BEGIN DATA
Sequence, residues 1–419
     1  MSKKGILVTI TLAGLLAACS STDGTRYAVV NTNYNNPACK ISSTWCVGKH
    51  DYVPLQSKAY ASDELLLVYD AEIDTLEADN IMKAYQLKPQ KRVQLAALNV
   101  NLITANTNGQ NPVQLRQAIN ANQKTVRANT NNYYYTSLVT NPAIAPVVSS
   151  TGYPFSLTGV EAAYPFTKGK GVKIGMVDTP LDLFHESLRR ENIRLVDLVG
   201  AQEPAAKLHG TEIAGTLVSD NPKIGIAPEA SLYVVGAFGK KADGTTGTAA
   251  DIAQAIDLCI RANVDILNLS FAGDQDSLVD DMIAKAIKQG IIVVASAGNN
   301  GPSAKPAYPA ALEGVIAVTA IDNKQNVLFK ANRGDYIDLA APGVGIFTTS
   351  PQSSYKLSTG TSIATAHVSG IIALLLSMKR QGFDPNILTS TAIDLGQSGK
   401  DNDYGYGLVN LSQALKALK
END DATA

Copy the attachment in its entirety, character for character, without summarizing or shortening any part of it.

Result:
Sequence, residues 1–419
     1  MSKKGILVTI TLAGLLAACS STDGTRYAVV NTNYNNPACK ISSTWCVGKH
    51  DYVPLQSKAY ASDELLLVYD AEIDTLEADN IMKAYQLKPQ KRVQLAALNV
   101  NLITANTNGQ NPVQLRQAIN ANQKTVRANT NNYYYTSLVT NPAIAPVVSS
   151  TGYPFSLTGV EAAYPFTKGK GVKIGMVDTP LDLFHESLRR ENIRLVDLVG
   201  AQEPAAKLHG TEIAGTLVSD NPKIGIAPEA SLYVVGAFGK KADGTTGTAA
   251  DIAQAIDLCI RANVDILNLS FAGDQDSLVD DMIAKAIKQG IIVVASAGNN
   301  GPSAKPAYPA ALEGVIAVTA IDNKQNVLFK ANRGDYIDLA APGVGIFTTS
   351  PQSSYKLSTG TSIATAHVSG IIALLLSMKR QGFDPNILTS TAIDLGQSGK
   401  DNDYGYGLVN LSQALKALK